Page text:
Recemos por las víctimas de la explosión en el hospital de Cuajimalpa, México, y por sus familiares que el Señor les conceda paz y fortaleza— Papa Francisco (@Pontifex_es) enero 29, 2015
Auschwitz cries out with the pain of immense suffering and pleads for a future of respect, peace and encounter among peoples.— Pope Francis (@Pontifex) 27 Gennaio 2015
"Since 1989, I've come here to St. Egidio, and they really care for me. I am so happy to be with my friends at St. Egidio, because I'm the famous beggar of Piazza Vittorio.”
"This is a beautiful moment for our family, all of us. So we treasure it, and I think we gain more out of it.”
Dozens of volunteers set up the tables inside the Basilica to welcome their guests from across the Eternal City. The Community of St. Egidio started the tradition 31 years ago with 20 guests. Now, there are hundreds!
"They are our friends. Those we find during the week at the train station sleeping on the street. Those that live abandoned at elderly homes because they don't have any family. Those who are sick. Those who don't have a place to be.”
More than just being marginalized, the people invited to the dinner are the ones the Community helps out year-round, through their programs. Each year, the number keeps growing, but so does the number of volunteers.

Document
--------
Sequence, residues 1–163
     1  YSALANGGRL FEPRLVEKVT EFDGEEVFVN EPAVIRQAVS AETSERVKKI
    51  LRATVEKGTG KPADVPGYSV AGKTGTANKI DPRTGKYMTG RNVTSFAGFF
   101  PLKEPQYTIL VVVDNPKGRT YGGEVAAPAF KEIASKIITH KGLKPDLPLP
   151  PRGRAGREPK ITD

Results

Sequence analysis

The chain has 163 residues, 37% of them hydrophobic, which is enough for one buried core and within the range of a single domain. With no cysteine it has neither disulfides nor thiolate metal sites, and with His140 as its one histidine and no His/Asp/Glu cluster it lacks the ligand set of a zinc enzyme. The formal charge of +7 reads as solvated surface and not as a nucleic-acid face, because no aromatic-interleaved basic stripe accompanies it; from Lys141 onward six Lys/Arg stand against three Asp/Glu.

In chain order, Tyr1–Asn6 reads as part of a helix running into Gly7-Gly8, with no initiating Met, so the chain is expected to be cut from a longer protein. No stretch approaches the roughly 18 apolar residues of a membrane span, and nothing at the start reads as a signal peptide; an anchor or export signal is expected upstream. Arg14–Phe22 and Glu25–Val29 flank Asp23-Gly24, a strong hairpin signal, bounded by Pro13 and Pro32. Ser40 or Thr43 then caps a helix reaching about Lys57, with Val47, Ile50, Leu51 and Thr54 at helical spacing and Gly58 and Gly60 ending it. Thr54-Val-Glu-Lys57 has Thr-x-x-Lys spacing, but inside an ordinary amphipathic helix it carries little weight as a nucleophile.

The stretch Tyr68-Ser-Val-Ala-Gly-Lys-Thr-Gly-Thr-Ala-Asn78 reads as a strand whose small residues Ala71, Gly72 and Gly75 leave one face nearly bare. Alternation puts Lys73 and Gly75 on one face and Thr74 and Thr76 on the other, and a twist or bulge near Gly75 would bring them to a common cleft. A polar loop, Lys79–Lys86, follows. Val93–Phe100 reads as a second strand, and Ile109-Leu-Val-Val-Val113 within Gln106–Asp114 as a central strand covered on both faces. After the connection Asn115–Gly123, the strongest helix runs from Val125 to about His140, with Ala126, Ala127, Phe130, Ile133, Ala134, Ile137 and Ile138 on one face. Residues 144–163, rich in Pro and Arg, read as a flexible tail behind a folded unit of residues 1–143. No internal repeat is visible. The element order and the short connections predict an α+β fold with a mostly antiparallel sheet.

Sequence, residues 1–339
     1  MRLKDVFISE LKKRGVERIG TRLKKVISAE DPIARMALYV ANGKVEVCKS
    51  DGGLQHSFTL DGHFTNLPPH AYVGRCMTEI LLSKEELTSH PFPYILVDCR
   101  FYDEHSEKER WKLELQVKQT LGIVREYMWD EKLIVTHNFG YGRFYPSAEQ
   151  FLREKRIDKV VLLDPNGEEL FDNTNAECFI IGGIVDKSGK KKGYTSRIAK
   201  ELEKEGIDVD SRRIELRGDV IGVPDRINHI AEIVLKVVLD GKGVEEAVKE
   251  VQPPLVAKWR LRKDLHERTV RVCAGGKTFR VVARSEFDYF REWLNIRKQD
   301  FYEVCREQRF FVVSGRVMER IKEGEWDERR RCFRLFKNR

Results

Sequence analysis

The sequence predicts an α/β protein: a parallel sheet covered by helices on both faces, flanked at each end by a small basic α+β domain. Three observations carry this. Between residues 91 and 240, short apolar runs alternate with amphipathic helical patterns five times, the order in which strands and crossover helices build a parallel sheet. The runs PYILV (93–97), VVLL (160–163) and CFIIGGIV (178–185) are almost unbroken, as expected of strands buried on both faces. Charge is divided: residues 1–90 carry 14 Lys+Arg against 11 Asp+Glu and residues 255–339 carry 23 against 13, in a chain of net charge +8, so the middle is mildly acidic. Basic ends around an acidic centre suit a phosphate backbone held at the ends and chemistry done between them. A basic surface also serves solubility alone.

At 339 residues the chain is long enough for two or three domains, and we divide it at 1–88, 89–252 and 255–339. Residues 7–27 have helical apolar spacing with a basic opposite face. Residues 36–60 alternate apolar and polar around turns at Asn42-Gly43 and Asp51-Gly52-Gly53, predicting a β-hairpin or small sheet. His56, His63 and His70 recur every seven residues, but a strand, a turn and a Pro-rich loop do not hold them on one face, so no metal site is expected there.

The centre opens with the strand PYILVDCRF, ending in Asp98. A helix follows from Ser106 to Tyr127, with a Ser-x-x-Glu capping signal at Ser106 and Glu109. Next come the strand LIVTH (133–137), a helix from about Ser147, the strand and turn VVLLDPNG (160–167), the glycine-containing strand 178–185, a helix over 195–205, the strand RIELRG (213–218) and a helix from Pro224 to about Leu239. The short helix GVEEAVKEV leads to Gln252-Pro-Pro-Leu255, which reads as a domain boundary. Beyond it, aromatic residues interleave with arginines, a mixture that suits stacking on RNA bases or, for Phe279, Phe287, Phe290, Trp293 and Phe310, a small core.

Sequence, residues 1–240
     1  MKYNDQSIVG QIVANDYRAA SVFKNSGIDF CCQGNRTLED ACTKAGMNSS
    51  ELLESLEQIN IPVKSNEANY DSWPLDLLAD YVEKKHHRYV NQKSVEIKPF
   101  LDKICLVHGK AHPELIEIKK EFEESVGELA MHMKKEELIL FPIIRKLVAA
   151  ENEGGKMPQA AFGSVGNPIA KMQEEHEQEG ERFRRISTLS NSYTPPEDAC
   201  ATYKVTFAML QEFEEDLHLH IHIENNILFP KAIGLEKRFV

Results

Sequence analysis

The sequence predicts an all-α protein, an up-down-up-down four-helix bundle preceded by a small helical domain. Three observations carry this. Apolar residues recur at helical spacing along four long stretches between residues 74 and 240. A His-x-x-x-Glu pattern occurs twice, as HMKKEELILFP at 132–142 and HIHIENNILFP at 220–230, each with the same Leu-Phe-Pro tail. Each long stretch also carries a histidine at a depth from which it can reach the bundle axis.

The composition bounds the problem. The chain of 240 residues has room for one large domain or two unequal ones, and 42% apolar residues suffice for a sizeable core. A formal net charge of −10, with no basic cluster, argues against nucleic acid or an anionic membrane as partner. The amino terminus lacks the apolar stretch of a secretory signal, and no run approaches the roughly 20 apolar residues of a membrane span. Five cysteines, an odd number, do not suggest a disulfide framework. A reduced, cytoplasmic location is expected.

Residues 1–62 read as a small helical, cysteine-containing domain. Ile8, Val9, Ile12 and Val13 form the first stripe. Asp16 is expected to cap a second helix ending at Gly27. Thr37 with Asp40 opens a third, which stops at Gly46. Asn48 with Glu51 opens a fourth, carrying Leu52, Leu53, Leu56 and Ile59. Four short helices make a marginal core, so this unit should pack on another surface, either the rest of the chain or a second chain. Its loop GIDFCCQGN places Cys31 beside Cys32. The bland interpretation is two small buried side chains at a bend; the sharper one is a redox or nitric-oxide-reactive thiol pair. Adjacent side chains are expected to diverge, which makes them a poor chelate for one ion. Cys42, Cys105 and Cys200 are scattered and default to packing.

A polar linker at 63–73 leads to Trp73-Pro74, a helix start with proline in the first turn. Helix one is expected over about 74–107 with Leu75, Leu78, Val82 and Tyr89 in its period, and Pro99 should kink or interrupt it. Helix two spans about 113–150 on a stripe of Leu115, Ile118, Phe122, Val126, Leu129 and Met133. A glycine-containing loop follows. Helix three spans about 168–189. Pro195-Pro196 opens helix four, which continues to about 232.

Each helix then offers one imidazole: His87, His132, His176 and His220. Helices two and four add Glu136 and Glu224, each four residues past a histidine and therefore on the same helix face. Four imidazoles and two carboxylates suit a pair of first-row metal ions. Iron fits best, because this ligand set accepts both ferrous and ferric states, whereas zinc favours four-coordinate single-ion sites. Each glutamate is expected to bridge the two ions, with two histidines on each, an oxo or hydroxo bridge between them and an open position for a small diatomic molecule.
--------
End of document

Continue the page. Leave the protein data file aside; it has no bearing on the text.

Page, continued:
"It's a beautiful things. I helped out one year. My priest had me volunteer. And I haven't missed a luncheon since. You take part just one year and you'll want to come back.”
Several cooks prepare the meal at nearby soup kitchens. Local restaurants in the popular neighborhood also pitch in.
"It's a place for encounter and solidarity. It's like a big, extended family. Everyone is happy, we share so many things. Each person gets a personalized gift with their very own name.”
After the meal, Babbo Natale, aka Santa Claus, delivers each gift. They range from children's toys, to blankets to keep homeless guests warm at night.
This yearly tradition continues in large part thanks to the Community of St. Egidio, and its many volunteers. And judging by the look of satisfaction and joy on each guest's face, it might hard to tell who is truly doing the giving and receiving.